This morning I coordinated a “Lessons Learned” meeting to cap off the consulting engagement I’ve had the opportunity to be the technical liason for. We talked about what we think went well on the project, what we think could be done better in the future, and gave and received feedback to/from the consulting group. I think the meeting went well, but it really drove home to me how difficult it can be to communicate criticism constructively and tactfully.
This meeting occurred first thing this morning, and I’ve had the lion’s share of the day to think about how the meeting went, what was said, and what we need to do to move forward from here. From a business point of view, I’d say that this approach can be a very helpful process towards improvement. In a group with diverse skill sets and backgrounds, it’s important to communicate those differing viewpoints so that he group as a whole knows what needs to be done to improve, or is at least aware of what needs improvement. In our case, the utility of such a meeting with a consulting group we will most likely not be contracting with again is somewhat questionable, but I still feel that it was important to raise the opportunity for reflection.
In much the same way, I believe it is important as a SQL Server professional to make opportunities for Lessons Learned moments in my own life, even where it’s unrelated to my current job. It’s very easy to be caught up in the everyday activities of completing tasks for my employer, in volunteering for my local user group, in engaging with others in the SQL Family on Twitter, the whole shebang. What is much harder is dedicating some time for reflection and introspection. What did I do well today? What could I have handled better? What could I have done differently in order to better server my fellow man? What do I need to seek externally in order to do my job better, or to be a better volunteer, or a more valuable member of the community? These are all important questions to ask ourselves, if not daily then as often as we can make time.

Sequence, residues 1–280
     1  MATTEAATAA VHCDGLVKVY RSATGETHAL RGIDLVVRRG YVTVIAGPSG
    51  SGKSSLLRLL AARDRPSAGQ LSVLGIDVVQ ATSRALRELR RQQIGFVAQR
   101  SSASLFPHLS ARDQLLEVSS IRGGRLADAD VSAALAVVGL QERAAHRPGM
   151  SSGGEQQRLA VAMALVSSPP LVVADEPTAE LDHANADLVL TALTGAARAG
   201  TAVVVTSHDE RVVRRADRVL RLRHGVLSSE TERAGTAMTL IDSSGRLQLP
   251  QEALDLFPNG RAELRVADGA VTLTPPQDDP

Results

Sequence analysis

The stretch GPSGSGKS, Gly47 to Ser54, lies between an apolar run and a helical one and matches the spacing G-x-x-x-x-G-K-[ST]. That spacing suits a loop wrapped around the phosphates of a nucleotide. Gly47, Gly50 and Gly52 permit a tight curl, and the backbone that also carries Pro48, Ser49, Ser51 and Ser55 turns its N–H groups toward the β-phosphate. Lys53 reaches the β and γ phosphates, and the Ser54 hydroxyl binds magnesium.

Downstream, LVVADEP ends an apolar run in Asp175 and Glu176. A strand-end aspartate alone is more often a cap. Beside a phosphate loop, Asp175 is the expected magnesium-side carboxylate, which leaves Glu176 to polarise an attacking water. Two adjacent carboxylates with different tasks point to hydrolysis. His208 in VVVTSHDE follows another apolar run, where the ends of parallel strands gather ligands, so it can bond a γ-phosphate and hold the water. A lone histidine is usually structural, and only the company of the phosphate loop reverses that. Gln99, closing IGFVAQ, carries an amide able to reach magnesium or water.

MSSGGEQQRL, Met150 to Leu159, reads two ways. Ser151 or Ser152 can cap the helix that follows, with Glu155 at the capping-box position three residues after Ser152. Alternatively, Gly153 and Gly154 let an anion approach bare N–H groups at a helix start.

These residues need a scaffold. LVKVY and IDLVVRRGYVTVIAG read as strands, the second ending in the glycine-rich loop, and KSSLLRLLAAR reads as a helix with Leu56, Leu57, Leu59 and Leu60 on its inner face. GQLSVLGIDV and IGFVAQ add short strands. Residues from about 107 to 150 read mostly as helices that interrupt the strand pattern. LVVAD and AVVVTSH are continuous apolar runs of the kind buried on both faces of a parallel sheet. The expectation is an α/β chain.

The most important part of a Lessons Learned session, in my opinion, is making a list of action items to follow up on. The point of this exercise is not to pat ourselves on the back (although a healthy satisfaction in a job well done is never misplaced,) nor to berate ourselves for not achieving the standards we set for ourselves. The point is to continue to do well where we have done well, and to strive to improve where we have not done so well. The thing is, personal growth involves making behavioral changes, small or large. The path to behavior change is discipline and perseverance, which means repetition. I do not know how to play the piano, not because I’ve never tried, but because I have not continually tried. I became an accomplished programmer not by divine fiat but because I continually wrote code and studied and then wrote some more. As I strive to overcome my weakness, I find myself becoming stronger not because of my effort, but because of my continued effort.
So I would encourage you to do some Lessons Learned. Celebrate your successes, determine how you can overcome your failures, and most importantly decide what is worth achieving, and then make every effort to achieve it. I’m a fairly smart guy, and I’m fairly talented, but I attribute my successes so far not to my inherent attributes but instead to my effort, my perseverance, and my willingness to amend my approach. Perhaps you too can become a data warehouse forklift operator – if you work at it.